Robin Lindley: You’re an expert on cultural and spiritual issues. Some readers who see Hammarskjöld strictly as a political figure may be surprised that you decided to write this detailed biography. How did you come to study and write about Hammarskjöld?

Dr. Roger Lipsey: I trained as an art historian, but the operative word there is historian. At my perfectly wonderful graduate school, the Institute of Fine Arts (New York University) we trained in the interpretation and writing of history—focused of course on works of art and on artists. As it happens, my doctoral dissertation had in it a large dose of biography, and I’ve tended to take a biographical perspective in later books. So it wasn’t a sharp turn to write this biography, which I felt called to write. The idea of a “call” is perhaps too religious—but one sometimes knows what to do, what comes next.

Robin Lindley: Did reading Markings, Hammarskjöld’s journal of meditations, prompt your interest in him?

Dr. Roger Lipsey: Yes. It was partly that. I’m 72 now, and I think one assembles a self slowly, piece by piece. One is lucky if the pieces fit. In my case, in 1964 when Markings was published in English, I was impressed with it; it appealed to the person I was then, who was more drawn to aesthetics and philosophy and spirituality than anything else. But gradually, additional pieces of self appeared, encouraged particularly by my participation as a colleague and leader in some difficult political settings. I realized I needed to be more adroit politically. I needed a political education and I knew where to turn. I turned to Hammarskjöld and the other half of his life’s work, the political work, the international diplomacy, which became as important to me personally as Markings had been in years past.

In the course of my sixties, I read carefully that aspect of Hammarskjöld’s work and began to go to the archives in Sweden and at Oxford and elsewhere. The primary archive for which he arranged toward the end of his life is at the Royal Library in Stockholm. As I explored masses of material, much of it unpublished and unstudied, I realized that this man embodied and integrated the two aspects of self that were somehow joined also in me: the lifelong interest in aesthetics, philosophy and spirituality, and a sense of engagement with the needs of society and community.

I knew that what I was beginning to understand about Hammarskjöld, particularly through his correspondence and a very close reading of Markings, needed to be communicated. Its time had come after a long eclipse in his reputation, in the simple memory of the man. And so I wrote.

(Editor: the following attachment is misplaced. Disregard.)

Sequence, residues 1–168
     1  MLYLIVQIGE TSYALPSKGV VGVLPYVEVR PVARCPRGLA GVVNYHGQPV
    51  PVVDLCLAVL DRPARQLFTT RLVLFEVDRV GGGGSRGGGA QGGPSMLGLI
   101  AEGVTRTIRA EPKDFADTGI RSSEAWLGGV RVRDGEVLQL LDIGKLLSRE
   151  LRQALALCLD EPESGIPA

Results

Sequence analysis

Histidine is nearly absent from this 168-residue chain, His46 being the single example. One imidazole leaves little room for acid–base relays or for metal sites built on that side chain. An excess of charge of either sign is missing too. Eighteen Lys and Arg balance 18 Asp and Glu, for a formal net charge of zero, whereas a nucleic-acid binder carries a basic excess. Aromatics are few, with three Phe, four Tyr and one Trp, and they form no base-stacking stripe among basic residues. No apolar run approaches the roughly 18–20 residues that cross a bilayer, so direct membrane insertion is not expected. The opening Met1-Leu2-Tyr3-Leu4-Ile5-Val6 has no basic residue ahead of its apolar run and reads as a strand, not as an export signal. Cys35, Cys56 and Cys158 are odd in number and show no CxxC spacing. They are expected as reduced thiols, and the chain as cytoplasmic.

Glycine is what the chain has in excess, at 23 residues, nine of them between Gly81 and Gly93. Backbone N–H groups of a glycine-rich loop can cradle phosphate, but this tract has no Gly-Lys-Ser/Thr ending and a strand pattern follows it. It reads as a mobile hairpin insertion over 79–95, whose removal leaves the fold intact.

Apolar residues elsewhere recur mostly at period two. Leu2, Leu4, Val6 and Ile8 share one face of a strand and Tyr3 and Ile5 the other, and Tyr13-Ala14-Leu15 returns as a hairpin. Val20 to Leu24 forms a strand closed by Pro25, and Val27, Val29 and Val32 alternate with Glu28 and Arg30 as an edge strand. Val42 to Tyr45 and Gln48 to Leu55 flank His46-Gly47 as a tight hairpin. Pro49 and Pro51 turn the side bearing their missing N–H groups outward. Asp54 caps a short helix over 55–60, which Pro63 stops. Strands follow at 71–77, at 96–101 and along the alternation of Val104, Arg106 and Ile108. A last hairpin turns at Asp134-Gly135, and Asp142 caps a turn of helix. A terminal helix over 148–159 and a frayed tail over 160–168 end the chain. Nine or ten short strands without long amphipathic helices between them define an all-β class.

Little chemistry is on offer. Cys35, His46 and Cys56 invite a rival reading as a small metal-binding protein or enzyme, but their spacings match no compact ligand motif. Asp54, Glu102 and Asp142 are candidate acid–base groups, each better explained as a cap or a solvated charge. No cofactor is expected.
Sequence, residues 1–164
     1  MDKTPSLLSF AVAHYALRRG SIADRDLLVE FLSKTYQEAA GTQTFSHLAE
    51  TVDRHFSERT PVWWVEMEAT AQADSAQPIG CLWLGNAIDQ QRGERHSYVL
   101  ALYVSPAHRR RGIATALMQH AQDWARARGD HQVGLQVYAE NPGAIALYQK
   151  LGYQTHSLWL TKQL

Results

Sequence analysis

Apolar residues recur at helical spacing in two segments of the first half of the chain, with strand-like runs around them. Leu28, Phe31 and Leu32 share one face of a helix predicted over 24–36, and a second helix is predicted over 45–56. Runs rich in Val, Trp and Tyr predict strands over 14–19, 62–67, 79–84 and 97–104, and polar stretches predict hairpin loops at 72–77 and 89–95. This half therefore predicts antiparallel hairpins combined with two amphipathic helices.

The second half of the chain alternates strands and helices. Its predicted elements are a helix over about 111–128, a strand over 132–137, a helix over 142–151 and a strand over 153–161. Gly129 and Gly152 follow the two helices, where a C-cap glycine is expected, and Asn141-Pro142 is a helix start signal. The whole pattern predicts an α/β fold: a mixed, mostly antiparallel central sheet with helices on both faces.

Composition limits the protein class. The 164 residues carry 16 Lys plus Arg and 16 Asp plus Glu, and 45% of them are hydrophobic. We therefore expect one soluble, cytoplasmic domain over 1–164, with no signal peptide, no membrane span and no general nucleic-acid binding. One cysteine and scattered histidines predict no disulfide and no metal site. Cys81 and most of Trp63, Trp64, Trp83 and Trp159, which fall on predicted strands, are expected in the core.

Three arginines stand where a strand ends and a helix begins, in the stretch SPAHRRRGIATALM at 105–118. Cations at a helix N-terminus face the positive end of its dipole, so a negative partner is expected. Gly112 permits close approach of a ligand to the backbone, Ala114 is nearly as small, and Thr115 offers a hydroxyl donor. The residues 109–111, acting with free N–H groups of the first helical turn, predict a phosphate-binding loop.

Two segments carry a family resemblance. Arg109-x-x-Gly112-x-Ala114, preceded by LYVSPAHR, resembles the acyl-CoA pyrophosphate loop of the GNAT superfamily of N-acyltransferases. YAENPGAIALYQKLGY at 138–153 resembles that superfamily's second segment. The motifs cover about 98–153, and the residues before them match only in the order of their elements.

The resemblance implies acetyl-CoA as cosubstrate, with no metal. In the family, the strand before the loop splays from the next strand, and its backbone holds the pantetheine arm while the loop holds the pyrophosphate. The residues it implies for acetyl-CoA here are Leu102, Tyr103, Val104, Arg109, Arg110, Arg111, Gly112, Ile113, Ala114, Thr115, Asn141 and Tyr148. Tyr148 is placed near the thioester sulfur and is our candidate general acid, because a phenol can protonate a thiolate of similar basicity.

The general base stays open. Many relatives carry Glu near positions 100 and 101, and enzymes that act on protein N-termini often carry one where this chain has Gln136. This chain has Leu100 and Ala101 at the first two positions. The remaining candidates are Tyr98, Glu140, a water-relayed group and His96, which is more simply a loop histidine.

I am wary of the notion of examples. I’ll caricature it: Winston Churchill was great in 1940 so we should all be like Winston Churchill in 1940. That is a ridiculous statement. Dag Hammarskjöld joined spirituality and personal discipline with the most meticulous, creative practice in international affairs, therefore we should follow his example. That too is a ridiculous statement. Each individual is unique. What we can take from Churchill or Hammarskjöld are general principles and guidelines and a lot of inspiration. That explains the balance in my book. I’m careful to show where he was in his inner life and relate that, whatever it may be, to the outer circumstances and crises he was dealing with. I do my best to show his astonishing richness as an example of what’s possible—not to be copied but to be understood. If men and women in political life today at many levels, from community to world affairs, can encounter Hammarskjöld at work, encounter his thought and concerns, encounter his integrity. . . What a help that would be in this dangerous world.

Robin Lindley: You’ve said that in your archival research, you studied a trove of correspondence and documents that hadn’t been published before.

Dr. Roger Lipsey: The collection of documents in Sweden has been a known resource, but little explored. Remember that Dag Hammarskjöld had faded from view—a great individual, but of another era, of unclear relevance.

I worked with a Swedish collaborator, the late Daniel von Sydow, who became a dear friend. He translated Swedish correspondence for me and acted truly as a second self when I couldn’t be in Sweden. Much of the correspondence was in English, some in other European languages I could read. There were masses of correspondence that hadn’t been looked at, hadn’t been pieced into his life. If you look at the section “Power and Responsibility” in my book, you’ll find an astonishing communication between him and one of his Swedish Academy colleagues, the novelist Pär Lagerkvist. It’s extraordinary material that had never seen the light of day.